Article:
When Suhair Abdulhadi, principal of Al Taibeh Primary School for Girls in Al Taibeh, Irbid, had to inform a parent that their child could not be enrolled because the overcrowded school could not accommodate any more students, they weren’t deterred: “If there are no desks in the classroom, no problem, I’ll buy her a chair!”
But it wasn’t desks, or the lack thereof, that was the problem. Al Taibeh Primary School for Girls, like 47 per cent of schools nationwide, is struggling to cope with the large numbers of Syrian refugee students. The Syria crisis has had a profound impact on the education sector. A drastic increase in demand - particularly in the governorates of Amman, Irbid, Mafraq, and Zarqa, where over 70 per cent of registered refugees reside - has put tremendous pressure on education resources and infrastructure, especially space in public schools and human resource capacity.
At the beginning of the school year in 2014, “many Syrians were on the waiting list, more than 200 children risked missing out on the school year” Abdulhadi explains, “so I pushed as much as I could.” But there simply wasn’t enough space or enough teachers, and many children remained on the waiting list.
Al Taibeh Primary School for Girls is one of nearly one hundred public schools that have adopted a second shift to accommodate the rising number of students. But even doubling the school’s capacity isn’t sufficient, and some classes have up to 40 students; the national standard is 27.
“It is very difficult for teachers to control their classrooms” says Abdulhadi, owing not only to their size, but also because of the special psychosocial needs of some of the children who have experienced trauma.
This has very real implications for the quality of education children receive. Not only are classes oversubscribed, meaning that teachers have less time to dedicate to individual students, but even class times have been reduced from 45 minutes to 35 minutes to accommodate two shifts in one day.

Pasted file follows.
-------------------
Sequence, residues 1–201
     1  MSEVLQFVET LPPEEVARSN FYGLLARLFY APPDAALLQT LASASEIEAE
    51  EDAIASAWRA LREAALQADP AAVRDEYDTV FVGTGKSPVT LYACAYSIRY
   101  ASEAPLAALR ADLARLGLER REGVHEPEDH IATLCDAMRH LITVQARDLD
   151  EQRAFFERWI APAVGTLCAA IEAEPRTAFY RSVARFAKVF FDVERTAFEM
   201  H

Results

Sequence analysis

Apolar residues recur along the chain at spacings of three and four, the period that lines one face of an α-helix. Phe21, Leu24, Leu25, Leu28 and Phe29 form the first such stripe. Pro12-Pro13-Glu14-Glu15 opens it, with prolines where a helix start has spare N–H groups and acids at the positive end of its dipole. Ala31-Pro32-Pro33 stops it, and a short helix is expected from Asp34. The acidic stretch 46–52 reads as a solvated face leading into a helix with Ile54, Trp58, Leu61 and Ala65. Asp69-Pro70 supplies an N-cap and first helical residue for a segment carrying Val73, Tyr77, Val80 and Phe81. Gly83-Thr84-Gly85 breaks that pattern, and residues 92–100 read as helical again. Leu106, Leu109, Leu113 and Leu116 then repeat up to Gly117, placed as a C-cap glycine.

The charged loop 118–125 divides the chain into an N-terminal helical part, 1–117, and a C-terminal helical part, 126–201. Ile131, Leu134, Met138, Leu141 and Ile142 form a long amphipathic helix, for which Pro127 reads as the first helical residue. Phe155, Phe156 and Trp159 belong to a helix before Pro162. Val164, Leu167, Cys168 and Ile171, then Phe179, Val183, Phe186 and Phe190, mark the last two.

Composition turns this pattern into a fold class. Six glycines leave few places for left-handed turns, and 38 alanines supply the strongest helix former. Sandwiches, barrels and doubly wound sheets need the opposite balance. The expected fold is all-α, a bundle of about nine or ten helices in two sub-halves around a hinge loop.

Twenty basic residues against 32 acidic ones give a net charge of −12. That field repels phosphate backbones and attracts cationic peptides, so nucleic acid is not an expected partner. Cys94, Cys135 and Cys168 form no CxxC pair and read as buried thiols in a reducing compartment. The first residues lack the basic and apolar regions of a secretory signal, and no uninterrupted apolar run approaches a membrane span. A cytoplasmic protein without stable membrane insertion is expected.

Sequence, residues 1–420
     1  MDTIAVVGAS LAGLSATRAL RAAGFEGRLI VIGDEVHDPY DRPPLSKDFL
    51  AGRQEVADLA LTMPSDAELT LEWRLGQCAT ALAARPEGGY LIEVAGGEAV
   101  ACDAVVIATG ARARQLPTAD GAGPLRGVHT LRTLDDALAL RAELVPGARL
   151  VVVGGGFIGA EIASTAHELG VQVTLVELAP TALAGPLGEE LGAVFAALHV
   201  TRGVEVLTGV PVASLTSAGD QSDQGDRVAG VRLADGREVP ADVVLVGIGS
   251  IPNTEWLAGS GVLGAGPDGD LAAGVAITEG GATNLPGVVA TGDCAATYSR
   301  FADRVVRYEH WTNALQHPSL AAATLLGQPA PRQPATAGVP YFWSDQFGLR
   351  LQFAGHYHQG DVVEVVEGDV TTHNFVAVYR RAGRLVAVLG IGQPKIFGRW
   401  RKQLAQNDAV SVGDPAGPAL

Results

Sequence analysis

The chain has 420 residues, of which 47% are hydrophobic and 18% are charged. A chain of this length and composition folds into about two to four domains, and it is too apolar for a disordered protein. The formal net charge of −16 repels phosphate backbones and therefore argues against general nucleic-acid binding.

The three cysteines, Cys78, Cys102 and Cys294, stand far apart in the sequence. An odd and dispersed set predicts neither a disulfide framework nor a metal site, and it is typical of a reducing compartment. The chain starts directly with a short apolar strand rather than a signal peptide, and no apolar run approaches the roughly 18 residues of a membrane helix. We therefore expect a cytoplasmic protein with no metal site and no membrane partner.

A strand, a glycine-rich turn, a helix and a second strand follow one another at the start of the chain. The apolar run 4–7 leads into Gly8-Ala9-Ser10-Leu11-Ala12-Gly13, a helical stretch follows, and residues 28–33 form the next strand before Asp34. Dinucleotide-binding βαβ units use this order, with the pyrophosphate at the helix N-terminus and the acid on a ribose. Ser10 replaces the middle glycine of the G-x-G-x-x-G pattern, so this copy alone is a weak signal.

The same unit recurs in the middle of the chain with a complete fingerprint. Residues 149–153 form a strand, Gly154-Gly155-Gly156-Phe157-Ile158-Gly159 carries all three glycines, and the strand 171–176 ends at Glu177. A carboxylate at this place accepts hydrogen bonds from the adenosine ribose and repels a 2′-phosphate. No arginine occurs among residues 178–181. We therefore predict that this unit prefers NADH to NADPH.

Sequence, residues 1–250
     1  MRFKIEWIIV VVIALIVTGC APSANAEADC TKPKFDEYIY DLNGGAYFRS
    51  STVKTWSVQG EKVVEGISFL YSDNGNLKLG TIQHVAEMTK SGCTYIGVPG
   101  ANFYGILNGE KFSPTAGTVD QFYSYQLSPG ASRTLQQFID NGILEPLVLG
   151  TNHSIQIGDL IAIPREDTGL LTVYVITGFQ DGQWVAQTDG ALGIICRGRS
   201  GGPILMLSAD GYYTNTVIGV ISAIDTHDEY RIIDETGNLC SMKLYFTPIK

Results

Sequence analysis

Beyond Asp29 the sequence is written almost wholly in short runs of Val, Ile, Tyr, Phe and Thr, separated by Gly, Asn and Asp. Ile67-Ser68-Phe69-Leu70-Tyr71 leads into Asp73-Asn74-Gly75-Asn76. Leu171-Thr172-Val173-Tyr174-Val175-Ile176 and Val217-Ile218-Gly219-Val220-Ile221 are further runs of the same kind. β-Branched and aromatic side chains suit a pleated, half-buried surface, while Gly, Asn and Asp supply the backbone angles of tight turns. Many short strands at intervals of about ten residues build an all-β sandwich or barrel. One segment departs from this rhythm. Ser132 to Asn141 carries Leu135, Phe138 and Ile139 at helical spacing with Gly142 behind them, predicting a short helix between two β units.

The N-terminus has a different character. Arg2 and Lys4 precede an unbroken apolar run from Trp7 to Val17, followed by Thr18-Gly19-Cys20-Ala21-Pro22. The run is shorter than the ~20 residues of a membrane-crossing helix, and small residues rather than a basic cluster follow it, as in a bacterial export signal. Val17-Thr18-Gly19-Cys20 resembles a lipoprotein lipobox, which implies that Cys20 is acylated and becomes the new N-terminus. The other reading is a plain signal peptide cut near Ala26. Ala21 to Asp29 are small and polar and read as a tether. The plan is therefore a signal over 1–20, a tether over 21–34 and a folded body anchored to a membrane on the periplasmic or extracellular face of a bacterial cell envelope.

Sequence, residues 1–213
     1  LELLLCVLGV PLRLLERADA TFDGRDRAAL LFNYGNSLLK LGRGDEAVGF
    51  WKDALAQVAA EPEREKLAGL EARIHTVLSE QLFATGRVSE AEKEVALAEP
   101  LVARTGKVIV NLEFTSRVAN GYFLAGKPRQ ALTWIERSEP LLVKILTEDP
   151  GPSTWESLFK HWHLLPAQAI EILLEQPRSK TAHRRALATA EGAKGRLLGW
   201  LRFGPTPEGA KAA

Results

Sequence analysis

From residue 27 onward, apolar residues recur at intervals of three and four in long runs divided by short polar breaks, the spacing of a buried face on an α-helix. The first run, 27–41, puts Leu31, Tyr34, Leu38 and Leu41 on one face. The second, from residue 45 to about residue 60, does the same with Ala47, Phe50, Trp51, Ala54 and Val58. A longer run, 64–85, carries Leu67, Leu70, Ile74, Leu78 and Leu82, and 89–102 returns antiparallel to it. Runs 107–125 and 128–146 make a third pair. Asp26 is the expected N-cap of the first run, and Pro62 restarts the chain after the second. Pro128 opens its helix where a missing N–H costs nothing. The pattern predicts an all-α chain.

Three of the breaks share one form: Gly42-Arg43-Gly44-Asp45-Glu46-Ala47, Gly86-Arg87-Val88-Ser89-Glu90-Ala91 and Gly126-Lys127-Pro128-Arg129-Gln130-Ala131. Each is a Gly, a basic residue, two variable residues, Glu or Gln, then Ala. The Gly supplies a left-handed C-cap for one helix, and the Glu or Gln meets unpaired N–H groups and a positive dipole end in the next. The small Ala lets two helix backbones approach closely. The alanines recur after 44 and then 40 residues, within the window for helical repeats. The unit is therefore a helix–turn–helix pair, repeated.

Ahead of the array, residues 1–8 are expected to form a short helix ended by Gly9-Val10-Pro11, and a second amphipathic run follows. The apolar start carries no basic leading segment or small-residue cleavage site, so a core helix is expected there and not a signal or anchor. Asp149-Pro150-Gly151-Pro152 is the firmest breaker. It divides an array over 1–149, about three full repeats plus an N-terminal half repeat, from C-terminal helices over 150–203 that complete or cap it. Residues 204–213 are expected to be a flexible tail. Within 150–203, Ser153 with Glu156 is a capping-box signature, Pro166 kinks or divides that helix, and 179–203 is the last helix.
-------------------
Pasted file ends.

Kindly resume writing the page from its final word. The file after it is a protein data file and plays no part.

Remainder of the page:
Low quality of education has lasting implications, particularly as boys and girls progress through school without mastering important foundational skills. This is a particular concern as students enter secondary level ill-prepared and with limited opportunity for additional support.
It is estimated that 300 new schools would be needed to ensure there are sufficient facilities for all school-age children – Syrian refugees and Jordanians – using the national standard of 19 classes per school.
“Education is definitely the most important thing for a child’s future, especially during formative years” said Abdulhadi. “I will be here until there are enough schools for all students.”
The dedicated principal has been working at the school for 16 years, seven of which she served as a teacher before taking up her current role. As the 2015/2016 school year begins, Abdulhadi is one step closer to her goal.
Al Taibeh Primary School is one of nine schools in Jordan that will benefit from the construction of 59 classrooms and nine WASH facilities, as well as the renovation of nine playgrounds through a project being implemented by the Norwegian Refugee Council under the umbrella of the Jordan Response Plan 2015.
For Abdulhadi, that means being able to accept 360 additional students each year. Nationwide across all nine schools, the figure is 2,500 additional students. And over the entire life span of the school (estimated at 30 years), it means 75,000 students who may not have otherwise had a chance to attend school, will. And no one will need to bring their own chair.
Special thanks to NRC for organizing a field visit for this story.
Project name: Increased access to quality education in the host community
JRP Specific Objective: RES 2: Capacity of education service providers increased to deliver quality inclusive education and training for all boys and girls (children and youth) – particularly the most vulnerable
JRP Project Title: RES 2.1 Increasing school absorptive capacity and utilization
Project Budget: USD 3.2 million
Project Duration: 13 months
Financing Agency: Government of Norway
Implementing Partner: Norwegian Refugee Council